• On May 17-19, 2017 the Partners organized a second high-level meeting to expand upon the work done in October. VVIP participants included: His Excellency Prince Charles of Wales; former President of Ireland, Hon. Mary Robinson; Project Drawdown Founder, Paul Hawken; HE Anote Tong, Former President of Kiribati; CEO of Unilever, Paul Polman; Fiji’s High Commissioner and Fiji’s COP23 Representative; Janine Benyus, co-founder of Biomimicry 3.8 and Biomimicry Institute along with global experts on regeneration. ,
  • On June 27th, 2017, climate change leaders will convene a third time at the Commonwealth Secretariat in London; this time to engage the financial sector on opportunities for directing trillions of dollars into new development models and activities that have the potential to reverse climate change, support regeneration and social inclusion.

Upcoming Activities

The Cloudburst Foundation is initiating a plan that will drive the progress of the regenerative development to reverse climate change initiative. This plan consists of a series of forums, workshops and co-design labs targeted at leveraging two significant events: COP23 to be held in Germany in November, 2017, and the Commonwealth Heads of Government Meeting (CHOGM) that will be held in the United Kingdom, in April, 2018. The plan involves the following:

  • Convene cross-disciplinary workshops and co-design labs on a range of climate-reveral related topics spanning from May 2017 to April 2018, including a session focused on COP23 and one on CHOGM, 2018.
  • Identify Commonwealth-specific opportunities amongst financial, business, practitioner, social, media, and governmental sectors based on Regenerative Development frameworks and Project Drawdown and start development.
  • Create and curate accessible content for positive and inclusive media campaigns to engage multiple generations (60% of Commonwealth citizens are under the age of 30). This includes a collaboration with the Buckminster Fuller Institute to develop a Spaceship Earth campaign to engage millions of people by visualizing the dynamic, interconnected living systems of humanity’s home planet.
  • Develop an engaging, open-source platform for sharing information, building bridges, showcasing success stories, and inspiring action and participation around climate-change reversal and regenerative development.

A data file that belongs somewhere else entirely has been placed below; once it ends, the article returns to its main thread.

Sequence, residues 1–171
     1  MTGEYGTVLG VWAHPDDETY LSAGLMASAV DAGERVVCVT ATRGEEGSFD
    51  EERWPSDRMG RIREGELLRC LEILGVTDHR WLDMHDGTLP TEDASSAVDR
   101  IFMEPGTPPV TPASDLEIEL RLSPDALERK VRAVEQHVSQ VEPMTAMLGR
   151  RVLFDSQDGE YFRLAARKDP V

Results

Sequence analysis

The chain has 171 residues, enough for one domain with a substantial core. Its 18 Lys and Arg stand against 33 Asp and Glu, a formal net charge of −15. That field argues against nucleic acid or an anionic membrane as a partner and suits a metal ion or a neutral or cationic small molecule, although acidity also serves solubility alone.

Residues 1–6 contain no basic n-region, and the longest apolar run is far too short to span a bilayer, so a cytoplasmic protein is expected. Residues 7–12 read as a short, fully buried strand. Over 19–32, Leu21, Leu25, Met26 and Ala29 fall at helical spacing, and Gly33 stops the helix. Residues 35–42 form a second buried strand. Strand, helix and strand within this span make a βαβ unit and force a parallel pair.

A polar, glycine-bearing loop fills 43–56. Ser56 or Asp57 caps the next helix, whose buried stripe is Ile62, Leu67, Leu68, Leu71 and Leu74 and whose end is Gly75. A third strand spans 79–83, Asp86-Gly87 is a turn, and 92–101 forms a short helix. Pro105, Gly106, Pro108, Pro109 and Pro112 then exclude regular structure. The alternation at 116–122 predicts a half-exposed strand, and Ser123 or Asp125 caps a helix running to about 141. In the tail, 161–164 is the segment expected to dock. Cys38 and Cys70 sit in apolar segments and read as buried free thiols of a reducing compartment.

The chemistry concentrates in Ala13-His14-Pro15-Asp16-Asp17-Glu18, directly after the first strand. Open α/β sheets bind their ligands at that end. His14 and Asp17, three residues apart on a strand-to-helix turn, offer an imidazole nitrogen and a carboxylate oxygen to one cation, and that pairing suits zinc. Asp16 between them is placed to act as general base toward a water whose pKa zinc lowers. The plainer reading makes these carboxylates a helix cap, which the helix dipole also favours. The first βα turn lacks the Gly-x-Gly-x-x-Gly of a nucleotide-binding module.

• Identify and develop financial instruments and business models needed to redirect trillions of Pounds available for climate change investment.

The Commonwealth’s Influence

“I want to put the wealth back into Commonwealth but I also want to put the common back into wealth.”

Rt. Hon Baroness Patricia Scotland QC

Through the Commonwealth’s ability to pursue a united approach, the Commonwealth member nations contributed significantly to the success of COP21.

At COP22, the Secretary-General presented the Commonwealth’s new policy on Climate Change based on the work of the October RDRCC workshop, introducing regenerative development and carbon drawdown as an overarching strategy.

COP23 is being organized by Fiji, a Commonwealth member, with support and guidance from the Commonwealth to focus the meeting on the RDRCC effort.

The imminent meeting of CHOGM (Commonwealth Heads of Government Meeting) in April 2018 is, in light of Brexit, one of the most anticipated political gatherings in the world. It will be guided by the advocacy and leadership of the Commonwealth and will include a strong emphasis on RDRCC.

COP 22


In November 2016 at the UN Climate Summit in Marrakech (COP-22), Baroness Patricia Scotland, Secretary General of the Commonwealth, representing 52 nations and one third of world population, offered a powerful new vision to change the debate. Catastrophic climate change can be halted and reversed by shifting the development paradigm towards ecological regeneration.

Report of first design workshop

Presentation Meeting May 18 2017